Fall and Winter
Spring and Summer
When Switchfoot left CCM label Sparrow and signed with Columbia Records in 2003, they became one of the hottest pop-rock acts in mainstream music. Some wondered why they had "abandoned" their roots, playing solely secular venues and singing songs decidedly lacking in JPMs (Jesuses Per Minute).
But the band—and the brains behind it, singer-songwriter Jon Foreman—hadn't jumped ship at all. They were simply playing the songs born in Foreman's inquisitive mind: "I'm interested in reading philosophy and trying to figure things out," he says.
Foreman apparently had more of those songs up his sleeve, judging by the recent release of four solo EPs—six songs each—under the titles Fall, Winter, Spring, and Summer (4 stars for the set). The music is stark and spare, rough and unpolished. Foreman and his guitar are everywhere, but it's the creative inclusion of other instruments—trumpets, harmonica, tuba, even a Chinese guzheng—that give the music its most noteworthy twists. This is not Switchfoot-lite; this is free-association Foreman unfolding in a blend of the Socratic and the spiritual.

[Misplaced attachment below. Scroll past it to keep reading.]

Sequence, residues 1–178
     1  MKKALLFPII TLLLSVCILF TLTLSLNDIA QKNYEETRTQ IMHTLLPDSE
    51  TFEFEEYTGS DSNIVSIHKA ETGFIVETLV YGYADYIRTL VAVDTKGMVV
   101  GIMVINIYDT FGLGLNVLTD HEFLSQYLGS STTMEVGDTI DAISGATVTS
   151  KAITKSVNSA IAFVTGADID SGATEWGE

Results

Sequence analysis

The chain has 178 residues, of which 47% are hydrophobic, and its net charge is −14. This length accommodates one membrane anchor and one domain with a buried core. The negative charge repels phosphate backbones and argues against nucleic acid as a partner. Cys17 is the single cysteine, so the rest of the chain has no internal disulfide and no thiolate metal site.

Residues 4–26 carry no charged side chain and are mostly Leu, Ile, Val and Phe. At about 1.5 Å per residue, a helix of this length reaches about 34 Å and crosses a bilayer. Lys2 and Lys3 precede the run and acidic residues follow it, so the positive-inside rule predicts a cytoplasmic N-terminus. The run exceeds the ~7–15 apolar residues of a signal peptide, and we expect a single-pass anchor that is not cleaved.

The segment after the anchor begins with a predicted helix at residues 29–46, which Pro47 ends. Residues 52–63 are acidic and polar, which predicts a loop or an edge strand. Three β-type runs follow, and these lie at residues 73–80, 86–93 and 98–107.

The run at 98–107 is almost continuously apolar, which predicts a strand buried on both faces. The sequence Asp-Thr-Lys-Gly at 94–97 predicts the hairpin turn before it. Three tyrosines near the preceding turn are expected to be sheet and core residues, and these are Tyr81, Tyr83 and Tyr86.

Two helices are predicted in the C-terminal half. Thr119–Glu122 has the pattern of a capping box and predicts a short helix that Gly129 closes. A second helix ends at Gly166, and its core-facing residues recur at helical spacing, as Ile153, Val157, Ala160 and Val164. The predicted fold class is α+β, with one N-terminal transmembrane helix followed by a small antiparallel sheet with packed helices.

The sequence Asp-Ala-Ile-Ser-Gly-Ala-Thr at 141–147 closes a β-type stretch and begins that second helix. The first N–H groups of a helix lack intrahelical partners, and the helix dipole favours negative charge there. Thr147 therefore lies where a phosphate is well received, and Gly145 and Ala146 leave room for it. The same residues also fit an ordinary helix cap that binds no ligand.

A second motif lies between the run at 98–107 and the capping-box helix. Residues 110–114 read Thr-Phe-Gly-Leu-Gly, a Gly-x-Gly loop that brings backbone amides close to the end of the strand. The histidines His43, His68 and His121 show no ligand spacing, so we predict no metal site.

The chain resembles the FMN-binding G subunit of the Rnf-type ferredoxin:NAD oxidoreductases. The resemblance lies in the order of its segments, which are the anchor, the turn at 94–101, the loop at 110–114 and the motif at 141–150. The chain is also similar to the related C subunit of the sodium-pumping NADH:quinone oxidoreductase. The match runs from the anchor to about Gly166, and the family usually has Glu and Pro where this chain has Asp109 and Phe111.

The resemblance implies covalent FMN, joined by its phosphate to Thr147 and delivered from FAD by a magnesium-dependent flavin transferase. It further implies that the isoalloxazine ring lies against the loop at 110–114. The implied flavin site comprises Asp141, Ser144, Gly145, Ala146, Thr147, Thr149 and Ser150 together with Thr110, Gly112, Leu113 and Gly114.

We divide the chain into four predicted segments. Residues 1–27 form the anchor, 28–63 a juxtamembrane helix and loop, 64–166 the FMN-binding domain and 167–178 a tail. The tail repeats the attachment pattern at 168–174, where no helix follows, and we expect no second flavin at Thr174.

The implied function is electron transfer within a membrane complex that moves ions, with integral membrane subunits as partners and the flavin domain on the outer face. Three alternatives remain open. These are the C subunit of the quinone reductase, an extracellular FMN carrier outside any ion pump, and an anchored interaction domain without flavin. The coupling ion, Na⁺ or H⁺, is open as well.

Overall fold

On Fall's "Lord, Save Me from Myself," he rasps: "My mind is dull and faded / From these years of buy and sell / My eyes have seen the glory / Of this hollow modern shell / And sex is a grand production / But I'm bored with that as well / Ah, Lord, save me from myself." One Winter track is titled "Learning How to Die," while another ("Somebody's Baby") explores the lonely death of a homeless girl.
But it's not all bleak; there's much faith, hope, and love. Winter's "White as Snow" is a beautiful adaptation of Psalm 51. Spring's "Your Love Is Strong" begins ...1